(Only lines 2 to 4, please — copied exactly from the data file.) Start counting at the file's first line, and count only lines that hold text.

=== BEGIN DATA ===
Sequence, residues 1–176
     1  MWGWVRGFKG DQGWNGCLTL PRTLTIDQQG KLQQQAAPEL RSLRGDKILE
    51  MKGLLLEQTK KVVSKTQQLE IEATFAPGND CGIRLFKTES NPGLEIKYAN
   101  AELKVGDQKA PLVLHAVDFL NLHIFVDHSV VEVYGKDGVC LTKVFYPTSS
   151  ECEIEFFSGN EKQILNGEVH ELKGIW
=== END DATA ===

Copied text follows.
     1  MWGWVRGFKG DQGWNGCLTL PRTLTIDQQG KLQQQAAPEL RSLRGDKILE
    51  MKGLLLEQTK KVVSKTQQLE IEATFAPGND CGIRLFKTES NPGLEIKYAN
   101  AELKVGDQKA PLVLHAVDFL NLHIFVDHSV VEVYGKDGVC LTKVFYPTSS